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Book Review
2021
:18;
24
doi:
10.25259/Cytojournal_39_2021

CellBlockistry 101: The textbook of cell-blocking science

Department of Pathology (Cytopathology Division), Harvard Medical School and Boston’s Brigham and Women’s Hospital, Boston, MA, USA
Corresponding author: Edmund S. Cibas, MD, Professor, Department of Pathology (Cytopathology Division), Harvard Medical School & Boston’s Brigham and Women’s Hospital, Boston, MA, USA. ecibas@bwh.harvard.edu
Licence
This is an open-access article distributed under the terms of the Creative Commons Attribution-Non Commercial-Share Alike 4.0 License, which allows others to remix, tweak, and build upon the work non-commercially, as long as the author is credited and the new creations are licensed under the identical terms.

How to cite this article: Cibas ES. CellBlockistry 101: The textbook of cell-blocking science. CytoJournal 2021;18:24.

HTML of this article is available FREE at: https://dx.doi.org/10.25259/Cytojournal_39_2021

Anyone who cares about and deals with cytoprep issues should add CellBlockistry 101: The Textbook of Cell-blocking Science to their library.[1-3] The editor, Vinod Shidham, MD, FIAC, FRCPath, Professor of Pathology, Vice Chair of Anatomic Pathology, and Director of Cytopathology at Wayne State University School of Medicine, is arguably unmatched in his understanding of cell-block preparation methods and their utility in cytology practice. He brings a wealth of personal experience to the subject and has contributed to the development of commercially available, proprietary methods that have enlarged our armamentarium.

In an early chapter, Dr. Shidham begins with a sense of humor, admitting that, when reading the words “cell block,” a lay person is more likely to think of a prison than a tool for pathologic diagnosis. He offers a simple and practical solution: Let “cell block” refer to a prison cell, but hyphenate it, and “cell-block” is transformed from an object of fear into our familiar cytologic specimen.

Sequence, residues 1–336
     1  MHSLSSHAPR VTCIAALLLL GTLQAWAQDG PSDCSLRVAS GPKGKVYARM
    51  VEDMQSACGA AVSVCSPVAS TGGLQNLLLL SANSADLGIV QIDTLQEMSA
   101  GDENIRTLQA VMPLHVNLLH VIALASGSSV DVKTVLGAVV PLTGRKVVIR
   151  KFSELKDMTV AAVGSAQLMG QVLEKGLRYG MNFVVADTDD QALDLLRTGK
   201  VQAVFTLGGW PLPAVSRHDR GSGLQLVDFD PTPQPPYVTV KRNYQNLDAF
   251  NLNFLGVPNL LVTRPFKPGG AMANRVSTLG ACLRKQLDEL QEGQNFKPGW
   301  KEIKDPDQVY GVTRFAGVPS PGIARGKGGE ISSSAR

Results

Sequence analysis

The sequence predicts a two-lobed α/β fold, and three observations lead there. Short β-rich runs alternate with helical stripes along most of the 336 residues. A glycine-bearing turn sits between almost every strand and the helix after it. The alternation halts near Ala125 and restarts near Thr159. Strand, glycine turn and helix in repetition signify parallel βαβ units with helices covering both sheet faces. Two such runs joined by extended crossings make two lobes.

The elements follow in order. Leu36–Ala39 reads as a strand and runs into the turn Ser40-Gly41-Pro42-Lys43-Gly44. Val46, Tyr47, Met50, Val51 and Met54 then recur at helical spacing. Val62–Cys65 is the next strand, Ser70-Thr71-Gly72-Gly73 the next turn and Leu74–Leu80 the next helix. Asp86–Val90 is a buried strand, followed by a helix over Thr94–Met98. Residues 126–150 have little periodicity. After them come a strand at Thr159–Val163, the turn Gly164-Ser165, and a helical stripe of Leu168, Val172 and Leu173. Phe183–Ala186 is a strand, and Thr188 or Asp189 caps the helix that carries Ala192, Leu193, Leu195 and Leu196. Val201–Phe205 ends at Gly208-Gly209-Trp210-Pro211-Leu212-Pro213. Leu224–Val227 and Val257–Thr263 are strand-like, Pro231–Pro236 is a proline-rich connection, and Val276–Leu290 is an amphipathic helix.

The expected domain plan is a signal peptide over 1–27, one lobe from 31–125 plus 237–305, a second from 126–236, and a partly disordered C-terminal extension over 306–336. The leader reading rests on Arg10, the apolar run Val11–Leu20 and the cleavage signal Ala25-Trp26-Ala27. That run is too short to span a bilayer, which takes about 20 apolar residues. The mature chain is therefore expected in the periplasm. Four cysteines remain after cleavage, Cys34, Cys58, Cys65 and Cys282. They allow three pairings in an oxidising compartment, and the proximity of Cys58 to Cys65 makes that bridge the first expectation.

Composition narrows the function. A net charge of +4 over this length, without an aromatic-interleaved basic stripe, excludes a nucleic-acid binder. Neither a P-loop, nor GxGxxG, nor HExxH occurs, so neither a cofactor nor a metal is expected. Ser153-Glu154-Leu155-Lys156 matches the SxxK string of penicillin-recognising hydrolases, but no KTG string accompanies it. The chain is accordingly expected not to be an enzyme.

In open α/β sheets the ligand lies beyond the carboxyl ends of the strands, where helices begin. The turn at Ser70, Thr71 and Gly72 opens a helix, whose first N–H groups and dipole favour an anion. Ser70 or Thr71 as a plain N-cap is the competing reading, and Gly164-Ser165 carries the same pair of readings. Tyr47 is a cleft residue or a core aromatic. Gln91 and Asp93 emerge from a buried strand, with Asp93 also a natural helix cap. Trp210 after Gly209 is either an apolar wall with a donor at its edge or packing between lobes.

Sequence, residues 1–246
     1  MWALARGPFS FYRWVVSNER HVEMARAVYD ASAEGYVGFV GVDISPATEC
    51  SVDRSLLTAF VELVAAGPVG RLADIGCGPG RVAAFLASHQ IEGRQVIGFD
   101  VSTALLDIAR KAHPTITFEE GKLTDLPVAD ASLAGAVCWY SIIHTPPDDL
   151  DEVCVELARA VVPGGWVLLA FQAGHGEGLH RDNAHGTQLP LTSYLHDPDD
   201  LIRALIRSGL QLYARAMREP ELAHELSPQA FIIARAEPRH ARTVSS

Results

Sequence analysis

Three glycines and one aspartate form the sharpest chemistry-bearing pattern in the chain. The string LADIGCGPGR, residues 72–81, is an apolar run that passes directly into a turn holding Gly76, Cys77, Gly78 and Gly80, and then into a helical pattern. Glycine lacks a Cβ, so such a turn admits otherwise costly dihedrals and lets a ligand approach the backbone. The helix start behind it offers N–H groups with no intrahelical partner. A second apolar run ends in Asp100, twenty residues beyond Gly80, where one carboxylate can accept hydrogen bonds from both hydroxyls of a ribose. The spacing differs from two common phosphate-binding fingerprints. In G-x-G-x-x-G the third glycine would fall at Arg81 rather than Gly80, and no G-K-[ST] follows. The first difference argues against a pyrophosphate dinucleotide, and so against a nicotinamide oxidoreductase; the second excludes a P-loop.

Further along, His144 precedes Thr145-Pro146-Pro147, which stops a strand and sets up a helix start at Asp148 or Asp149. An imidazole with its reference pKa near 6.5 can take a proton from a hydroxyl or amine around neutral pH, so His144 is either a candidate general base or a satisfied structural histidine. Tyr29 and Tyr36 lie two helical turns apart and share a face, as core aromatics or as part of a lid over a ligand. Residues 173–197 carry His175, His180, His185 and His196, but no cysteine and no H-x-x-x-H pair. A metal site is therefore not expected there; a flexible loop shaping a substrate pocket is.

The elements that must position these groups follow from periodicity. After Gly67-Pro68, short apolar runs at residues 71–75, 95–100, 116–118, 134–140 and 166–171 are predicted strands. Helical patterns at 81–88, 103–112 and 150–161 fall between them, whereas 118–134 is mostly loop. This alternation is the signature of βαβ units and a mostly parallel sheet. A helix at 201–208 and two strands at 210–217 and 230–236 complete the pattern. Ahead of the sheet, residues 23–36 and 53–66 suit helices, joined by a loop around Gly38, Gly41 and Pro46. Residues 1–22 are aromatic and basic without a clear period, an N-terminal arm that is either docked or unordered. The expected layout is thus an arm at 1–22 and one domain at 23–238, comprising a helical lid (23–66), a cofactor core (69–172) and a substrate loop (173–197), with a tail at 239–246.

The text is divided into six chapters, with a total of eight contributing authors, Dr. Shidham among them. All chapters were published between 2019 and 2021 as review articles in CytoJournal;[4-9] this text brings them together in one convenient location. Chapter 1 is a review of cell-block techniques, the earliest of which go back many decades. These include the plasma-thrombin, gel, and collodion bag methods, as well as more advanced methods such as Cellient and Dr. Shidham’s own contributions, the NextGen CelBloking Nano and Microdevices. The relative advantages and disadvantages of each method are scrupulously outlined. Understandably, given the author’s experience and commitment to these methods, the Nano and Micro are described and illustrated with loving detail. Chapter 1 includes a discussion of the value of ammonium chloride-based reagents: non-alcohol-based solutions that have found a place as erythrocyte lysing reagents for bloody specimens. In Chapter 1 the author also points out that filtration through a nylon mesh bag is preferred over sedimentation for concentrating fatty specimens such as abdominal fat pad aspirates for amyloid. References include links to easily accessible videos that demonstrate fat pad aspiration and cell-block preparation.